Good Man, Bad Ideas

Barry Goldwater (January 2, 1909 – May 29, 1998)

Politically, I’m left of Bernie Sanders and have been for many years. But, as a child growing up in Indianapolis, I was a Youth for Goldwater. I wore his campaign buttons on my buttoned-down shirts and put stickers for his 1964 campaign for President on my school notebooks. I even had a picture of Barry (with his clunky black horned-rimmed glasses) in my room.

I was a Young Republican because my parents were Republicans and I hadn’t lived enough or read enough to make up my own mind. I was anti-federal-government, anti-union, anti-tax, anti-welfare, pro-military, pro-business, pro-local-government because Barry Goldwater was those things. His 1960 bestselling book, The Conscience of a Conservative (where this and other rightwing stuffery was spelled out) set the basic conservative agenda for years to come and laid the groundwork for, among other things, libertarianism in its current form and the rise of Ronald Reagan.


One way to view the 1964 campaign is Goldwater (unwittingly, of course) as stalking horse for the later presidential bids of Reagan, whose GE-generated stump speech for him put Bonzo to bed for good and made Reagan himself a national figure. Goldwater stood no chance in the election – even my parents knew that – but his conservative ideas were provided with public familiarity if not always credence. And the frequent juxtaposition of the two men invited comparisons that left even Goldwater’s most ardent admirers wondering, “What if?”  Barry was awkward, bumptious, unpredictable, a little sweaty … although generally forthright. Ron was graceful, polished, full of faux outrage and pretend integrity, a better actor than when he was an actor … an optical illusion that “real folks” (including working-class traditional Democrat real folks) thought was real. Goldwater spoke off the cuff and often misspoke. Reagan read the script he was handed and well.

In my heart – even as a child – I knew Goldwater was wrong. And, yet, all these years – and changed opinions – later, I have affection for him. As Senator from Arizona, Goldwater did have integrity, currently in short supply among the populace and pretty much extinct among GOP elected officials. He said what he thought – out loud and in the presence of cameras and tape recorders – with little or no regard for the political cost.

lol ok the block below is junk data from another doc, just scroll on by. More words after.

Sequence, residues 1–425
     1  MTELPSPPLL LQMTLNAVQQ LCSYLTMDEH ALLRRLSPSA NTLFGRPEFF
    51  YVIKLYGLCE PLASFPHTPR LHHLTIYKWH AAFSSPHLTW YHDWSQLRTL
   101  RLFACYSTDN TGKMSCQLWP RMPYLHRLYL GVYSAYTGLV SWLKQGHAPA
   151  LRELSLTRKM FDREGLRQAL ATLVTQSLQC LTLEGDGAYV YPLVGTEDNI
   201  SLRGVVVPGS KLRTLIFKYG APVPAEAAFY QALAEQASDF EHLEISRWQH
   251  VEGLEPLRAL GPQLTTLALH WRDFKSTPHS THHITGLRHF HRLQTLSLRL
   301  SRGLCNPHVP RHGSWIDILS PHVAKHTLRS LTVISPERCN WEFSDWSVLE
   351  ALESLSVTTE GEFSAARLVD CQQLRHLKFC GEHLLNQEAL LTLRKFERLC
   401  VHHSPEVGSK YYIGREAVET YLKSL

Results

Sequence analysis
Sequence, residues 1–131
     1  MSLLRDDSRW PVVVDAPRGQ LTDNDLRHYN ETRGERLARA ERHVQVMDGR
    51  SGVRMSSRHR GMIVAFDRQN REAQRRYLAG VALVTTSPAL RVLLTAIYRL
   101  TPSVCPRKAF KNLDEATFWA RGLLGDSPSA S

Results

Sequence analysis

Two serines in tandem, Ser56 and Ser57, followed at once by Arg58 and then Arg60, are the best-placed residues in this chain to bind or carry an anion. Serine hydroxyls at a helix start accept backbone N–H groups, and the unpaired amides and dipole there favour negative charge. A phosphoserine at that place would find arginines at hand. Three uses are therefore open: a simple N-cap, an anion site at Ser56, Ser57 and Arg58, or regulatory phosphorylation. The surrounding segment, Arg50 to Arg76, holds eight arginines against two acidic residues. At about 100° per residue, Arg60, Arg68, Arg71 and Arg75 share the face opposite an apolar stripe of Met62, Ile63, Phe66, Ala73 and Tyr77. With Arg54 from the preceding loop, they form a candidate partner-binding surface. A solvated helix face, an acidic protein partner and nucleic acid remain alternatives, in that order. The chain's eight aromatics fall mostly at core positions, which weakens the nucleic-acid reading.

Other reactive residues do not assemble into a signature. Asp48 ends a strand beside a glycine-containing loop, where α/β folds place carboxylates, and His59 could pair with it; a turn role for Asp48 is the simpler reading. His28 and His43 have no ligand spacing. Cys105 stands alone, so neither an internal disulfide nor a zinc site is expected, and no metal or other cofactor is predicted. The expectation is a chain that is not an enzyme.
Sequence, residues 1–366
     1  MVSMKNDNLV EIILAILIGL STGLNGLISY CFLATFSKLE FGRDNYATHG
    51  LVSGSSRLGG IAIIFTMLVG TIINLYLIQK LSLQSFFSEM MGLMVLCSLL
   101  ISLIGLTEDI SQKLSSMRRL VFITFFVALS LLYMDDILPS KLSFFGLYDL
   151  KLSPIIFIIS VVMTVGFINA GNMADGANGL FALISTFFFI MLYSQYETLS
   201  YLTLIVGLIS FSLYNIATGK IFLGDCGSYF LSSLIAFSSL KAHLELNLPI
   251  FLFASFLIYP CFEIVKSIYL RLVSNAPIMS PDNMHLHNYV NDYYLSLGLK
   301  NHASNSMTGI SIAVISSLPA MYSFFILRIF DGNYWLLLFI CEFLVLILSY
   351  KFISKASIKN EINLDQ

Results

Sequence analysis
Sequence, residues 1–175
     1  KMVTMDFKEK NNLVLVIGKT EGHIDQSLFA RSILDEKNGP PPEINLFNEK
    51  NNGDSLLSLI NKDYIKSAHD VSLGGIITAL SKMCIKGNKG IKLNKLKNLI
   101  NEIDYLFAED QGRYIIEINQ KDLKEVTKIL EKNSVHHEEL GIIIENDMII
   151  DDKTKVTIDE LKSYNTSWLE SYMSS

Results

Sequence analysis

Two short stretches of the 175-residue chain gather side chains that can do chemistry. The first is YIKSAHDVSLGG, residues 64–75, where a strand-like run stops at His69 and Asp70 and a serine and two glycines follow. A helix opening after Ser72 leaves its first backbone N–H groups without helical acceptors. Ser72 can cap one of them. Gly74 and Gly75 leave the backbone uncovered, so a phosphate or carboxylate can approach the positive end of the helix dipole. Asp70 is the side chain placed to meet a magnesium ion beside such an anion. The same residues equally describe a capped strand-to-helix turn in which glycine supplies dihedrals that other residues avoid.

Among his many sins in the eyes of the GOP party faithful, Goldwater harshly criticized his old friend Reagan (as President) over Iran-Contra and other foreign-policy matters. He advised President Nixon – in person and in public – to resign during Watergate and declined to attend the disgraced President’s funeral. When Moral Majority leader, the Rev. Jerry Falwell, was quoted as saying that “every good Christian should oppose Sandra O’Connor” for the Supreme Court, Goldwater replied that “every good Christian should kick Jerry Falwell’s ass.” It was Falwell’s balls that he suggested people kick, but the press cleaned it up for him.

Barry Goldwater also took to task his beloved military for restricting women and for racism. He was vehemently pro gay rights. “You don’t need to be ‘straight’ to fight and die for your country,” Barry famously said. “You just need to shoot straight.” And Mr. Anti-Government Conservative was in favor of stringent regulation of business regarding the environment and pollution.

Historian Rick Perlstein is writing a lively series of books on American politics during the second half of the 20th century. The first volume is entitled Before the Storm: Barry Goldwater and the Unmaking of the American Consensus (2009). It’s a great, enlightening book about a fascinating time in our history. If you’re in the mood for something more admiring, you might try Pure Goldwater (2008), cowritten by John Dean – yes, that John Dean – and Barry’s son, Barry Goldwater, Jr.

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